Chloe Wise on Painting Her Friends and the Faces She Sees In Cantaloupe
GARAGE visited the painter's studio on a snowy March day to talk about her practice.
GARAGE: Snowy today. It’s a good painting day. What is your process in painting a portrait?
Chloe Wise: I begin by taking a photo of somebody. I don’t work from life because I feel like the light is constantly changing. I typically cover the model in coconut oil, or some sort of reflective albeit organic material that would invite the light to bounce around in a painterly way. I used to take photos where I would schedule an entire day to have a photographer friend properly light and take photos that were a little more professional. Now I take pictures on my Google phone.
When I sat for you, you composed the image quickly with your phone.
The iPhone is quite an amazing tool when you think about the built-in compositional opportunities. [On our phones], we’re constantly reframing, straightening, cropping, and changing compositions.
I also think there’s something to be said for a “bad” composition. I’m looking at a painting I did right now of my friend, Richie, and his fingertips and the tips of his feet literally touch the sides of the canvas, which is such a bad compositional strategy. You’re supposed to have things in that triangle form or in the Golden Ratio where everything comfortably fits within the canvas. But I’m really drawn to paintings that have a sense of humor.
You like tension.
Yes, tension. The painting I did of you, for example. I like my subjects to be as big as they possibly can be in the canvas before they’re not on the canvas anymore. Your fingertip is basically a millimeter away from the edge and I put you as big as possible so I have more material to paint.
How did you select melons for our portrait?
My beautiful sitter’s last name was Mellin.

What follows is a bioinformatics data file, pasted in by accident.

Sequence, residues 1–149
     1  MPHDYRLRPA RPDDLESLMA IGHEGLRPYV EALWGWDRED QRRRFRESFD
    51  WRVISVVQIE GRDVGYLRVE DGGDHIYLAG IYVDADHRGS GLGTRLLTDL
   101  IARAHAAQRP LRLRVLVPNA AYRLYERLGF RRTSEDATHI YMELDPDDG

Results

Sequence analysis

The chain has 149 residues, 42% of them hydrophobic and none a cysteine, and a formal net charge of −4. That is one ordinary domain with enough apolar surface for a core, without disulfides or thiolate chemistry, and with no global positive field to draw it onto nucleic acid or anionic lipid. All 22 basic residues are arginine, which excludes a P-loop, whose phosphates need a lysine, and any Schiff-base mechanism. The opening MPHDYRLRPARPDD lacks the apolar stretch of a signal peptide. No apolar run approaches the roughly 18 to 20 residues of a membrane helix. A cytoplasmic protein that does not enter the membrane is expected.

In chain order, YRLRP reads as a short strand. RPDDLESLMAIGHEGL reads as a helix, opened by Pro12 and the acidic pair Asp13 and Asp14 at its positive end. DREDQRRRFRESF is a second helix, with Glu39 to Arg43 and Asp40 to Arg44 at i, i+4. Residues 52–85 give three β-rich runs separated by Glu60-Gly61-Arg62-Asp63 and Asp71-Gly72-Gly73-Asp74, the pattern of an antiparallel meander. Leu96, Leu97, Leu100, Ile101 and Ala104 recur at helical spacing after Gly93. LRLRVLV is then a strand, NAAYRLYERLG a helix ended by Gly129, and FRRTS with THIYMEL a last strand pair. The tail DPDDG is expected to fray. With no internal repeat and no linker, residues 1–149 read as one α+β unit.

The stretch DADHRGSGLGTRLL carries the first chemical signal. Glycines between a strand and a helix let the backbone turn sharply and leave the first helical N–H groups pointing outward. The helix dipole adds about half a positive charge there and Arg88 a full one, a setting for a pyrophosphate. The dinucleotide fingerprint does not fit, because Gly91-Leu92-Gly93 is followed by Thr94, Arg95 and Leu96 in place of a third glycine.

You use melon often in your works, right?
In particular, I think cantaloupe is such a beautiful color. There’s something almost morbid when you cut open the cantaloupe, there’s so many different shapes that happen within the seedy goop that there can be these almost skull-like ”memento mori” moments. I’ve painted cantaloupe many times, and every time there’s almost a face in the pit. It’s such a beautiful mess in there.
What brand of paints do you use?
I use Old Holland and Winsor & Newton. I just got Sennelier for the first time recently, and I really like their blues.
They have great blues. Do you use any painting medium?
I use Gamblin’s Neo Megilp. That’s really nice for glazing. I also use Winsor & Newton Artists' Painting Medium.
Do you use disposable palettes?
I love disposable palettes.
Do you use watercolor, acrylic, or oil brushes?
I use synthetic shitty brushes. I don’t like animal hair brushes.
You use synthetics?
Yeah, they’re inexpensive.
Are you good at cleaning them? Do they sit in turpentine a lot?
I am horrific at cleaning them. They sit in solvent right after I’m done working and I do give them a little jangle in there to clean them a bit. I’m really bad at remembering to clean them. Generally, I paint until five minutes before I have to be somewhere…which seems like it must be some sort of tactic of mine. I’m constantly buying ones. I’d rather have nice paint and shit brushes and constantly get new brushes than slave over maintaining them.
When I posed for a portrait with you, I got the sense that you really connect to the individual you’re painting.
My portraits are always of friends and people that mean something to me. It is personal, in a lot of ways.
You have a source photograph and you have a final painting. What changes in the process of painting?
The most notable change is that I’ll add a fictional background. In my recent show at Almine Rech Gallery in Paris, I would add an almost pastoral, Italian-looking background, like a fictional and obviously Photoshopped background. I like that I can take a photo of someone and then place them somewhere else. That’s one of the things I love about painting.
James Lord says that Giacometti worked to capture a lonely figure on the street—you know when it’s rainy or foggy at night and you see a silhouette in the distance? He was trying to get to that essential figure. Why do you paint figures?
Ever since I was younger, I’ve always been so drawn by the face. More so than the figure, it's the face for me.
Why do you paint the face?
As humans, it’s the first thing that we decode. We have to be able to understand such a vast array of facial nuances and expressions in order to decode everyday life without getting preyed on or getting left behind by our group. Body language comes into play, but there’s a little more in the face. It carries so much information, and it’s vital.
This interview has been edited and condensed for clarity.